A friend who works in IT support (for a very large and well known IT industry multi national doing security patching and stuff) just phoned me because his boss wants him to work overnight to do a release and then to front up to work again early tomorrow morning. This is not the first time his supervisor has asked this, and not the first time that I’ve heard this type of story. It even happened to me when I was younger and working in tech support roles.
These demands to work unreasonable hours make the ICT industry unattractive to work in. What is very sad is that this company has won awards for its diversity policies and its website raves about the programs that support work-life balance. Again, where is the congruence between the values articulated by the organization and the values it demonstrates towards the human beings that provide labour?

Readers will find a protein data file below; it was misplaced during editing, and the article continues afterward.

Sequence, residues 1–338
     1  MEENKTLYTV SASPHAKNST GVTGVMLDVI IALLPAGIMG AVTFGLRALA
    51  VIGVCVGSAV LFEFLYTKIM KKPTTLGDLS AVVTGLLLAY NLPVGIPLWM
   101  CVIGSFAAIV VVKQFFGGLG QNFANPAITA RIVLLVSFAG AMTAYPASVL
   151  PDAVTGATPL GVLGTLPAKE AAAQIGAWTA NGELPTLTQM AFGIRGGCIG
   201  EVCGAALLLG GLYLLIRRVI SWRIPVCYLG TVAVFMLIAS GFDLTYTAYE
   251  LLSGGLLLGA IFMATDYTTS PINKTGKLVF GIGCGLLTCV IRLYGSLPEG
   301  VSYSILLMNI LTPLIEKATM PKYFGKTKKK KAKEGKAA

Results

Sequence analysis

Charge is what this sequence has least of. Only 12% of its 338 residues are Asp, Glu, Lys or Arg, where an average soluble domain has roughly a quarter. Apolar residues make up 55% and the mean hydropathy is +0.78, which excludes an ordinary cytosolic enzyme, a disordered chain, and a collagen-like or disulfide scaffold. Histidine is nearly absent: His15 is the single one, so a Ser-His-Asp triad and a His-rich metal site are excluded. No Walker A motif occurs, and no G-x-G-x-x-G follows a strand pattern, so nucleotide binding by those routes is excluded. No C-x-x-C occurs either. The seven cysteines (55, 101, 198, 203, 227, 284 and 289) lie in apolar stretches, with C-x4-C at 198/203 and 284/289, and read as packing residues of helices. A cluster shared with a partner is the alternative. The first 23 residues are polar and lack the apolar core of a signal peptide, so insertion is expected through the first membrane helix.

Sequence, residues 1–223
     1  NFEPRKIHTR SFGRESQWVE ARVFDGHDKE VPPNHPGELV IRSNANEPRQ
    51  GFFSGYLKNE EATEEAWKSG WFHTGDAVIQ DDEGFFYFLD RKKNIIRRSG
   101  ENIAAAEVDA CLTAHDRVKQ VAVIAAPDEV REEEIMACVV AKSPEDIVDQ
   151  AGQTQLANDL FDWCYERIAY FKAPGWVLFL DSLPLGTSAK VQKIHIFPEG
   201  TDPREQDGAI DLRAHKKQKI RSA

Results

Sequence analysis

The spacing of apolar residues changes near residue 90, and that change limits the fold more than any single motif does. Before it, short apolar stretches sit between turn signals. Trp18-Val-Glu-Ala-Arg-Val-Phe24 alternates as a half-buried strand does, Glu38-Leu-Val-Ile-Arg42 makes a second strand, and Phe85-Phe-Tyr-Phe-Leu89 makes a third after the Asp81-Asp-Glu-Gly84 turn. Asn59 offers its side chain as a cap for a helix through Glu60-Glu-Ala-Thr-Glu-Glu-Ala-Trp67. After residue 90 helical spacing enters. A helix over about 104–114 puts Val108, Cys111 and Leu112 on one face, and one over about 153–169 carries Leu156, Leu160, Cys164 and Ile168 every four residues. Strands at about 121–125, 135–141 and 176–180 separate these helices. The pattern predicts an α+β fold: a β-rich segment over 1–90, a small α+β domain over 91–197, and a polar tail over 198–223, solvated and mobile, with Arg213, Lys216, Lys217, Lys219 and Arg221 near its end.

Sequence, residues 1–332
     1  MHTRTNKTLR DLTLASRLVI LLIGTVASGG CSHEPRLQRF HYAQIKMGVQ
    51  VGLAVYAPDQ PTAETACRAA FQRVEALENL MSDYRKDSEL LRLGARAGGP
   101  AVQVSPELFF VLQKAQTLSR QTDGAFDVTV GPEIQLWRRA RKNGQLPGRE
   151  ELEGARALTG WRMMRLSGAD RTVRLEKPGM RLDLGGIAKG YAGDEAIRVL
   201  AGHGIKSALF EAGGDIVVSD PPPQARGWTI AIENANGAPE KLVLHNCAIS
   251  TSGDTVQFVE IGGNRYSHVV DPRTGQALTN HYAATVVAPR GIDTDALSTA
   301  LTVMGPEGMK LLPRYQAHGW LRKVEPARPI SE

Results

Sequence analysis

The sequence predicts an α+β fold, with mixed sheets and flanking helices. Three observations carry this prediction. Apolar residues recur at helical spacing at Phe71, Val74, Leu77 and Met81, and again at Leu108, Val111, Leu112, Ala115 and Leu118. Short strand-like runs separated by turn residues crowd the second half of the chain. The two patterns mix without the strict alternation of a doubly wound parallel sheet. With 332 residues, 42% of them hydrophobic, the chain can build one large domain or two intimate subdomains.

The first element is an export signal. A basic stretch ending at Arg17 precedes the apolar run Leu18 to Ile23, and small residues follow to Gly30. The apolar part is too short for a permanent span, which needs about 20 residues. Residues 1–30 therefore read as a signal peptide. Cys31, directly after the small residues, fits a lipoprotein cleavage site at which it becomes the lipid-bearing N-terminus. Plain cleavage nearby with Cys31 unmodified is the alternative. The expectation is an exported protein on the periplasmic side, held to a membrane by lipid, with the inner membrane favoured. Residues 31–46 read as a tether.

Of course, none of the fabulous diversity programs for work-life balance apply if you are contractor or a casual employee. My friend, who is a good tech support geek, is now thinking about retraining and leaving the IT industry for something with a more human friendly approach. While I generally do not support union campaigns this one does seem reasonable (no pun intended):
The Australian Council of Trades Unions is running a campaign for Reasonable Hours:
“The ACTU Reasonable Hours campaign aims to raise awareness about the effects of long working hours. ACTU research into workplace issues has found that long hours and the increasing intensification of work is the overwhelming primary concern of workers. For much of the last century Australia lead the world in fair working time. But in 1980 Australia started to buck the international trend and hours began to grow. Currently, Australia has the second longest working hours in the OECD. On current trends we will soon have the longest. It is a sad irony that Australia now has one of the worst records in the world. It is time to once again civilize working time.”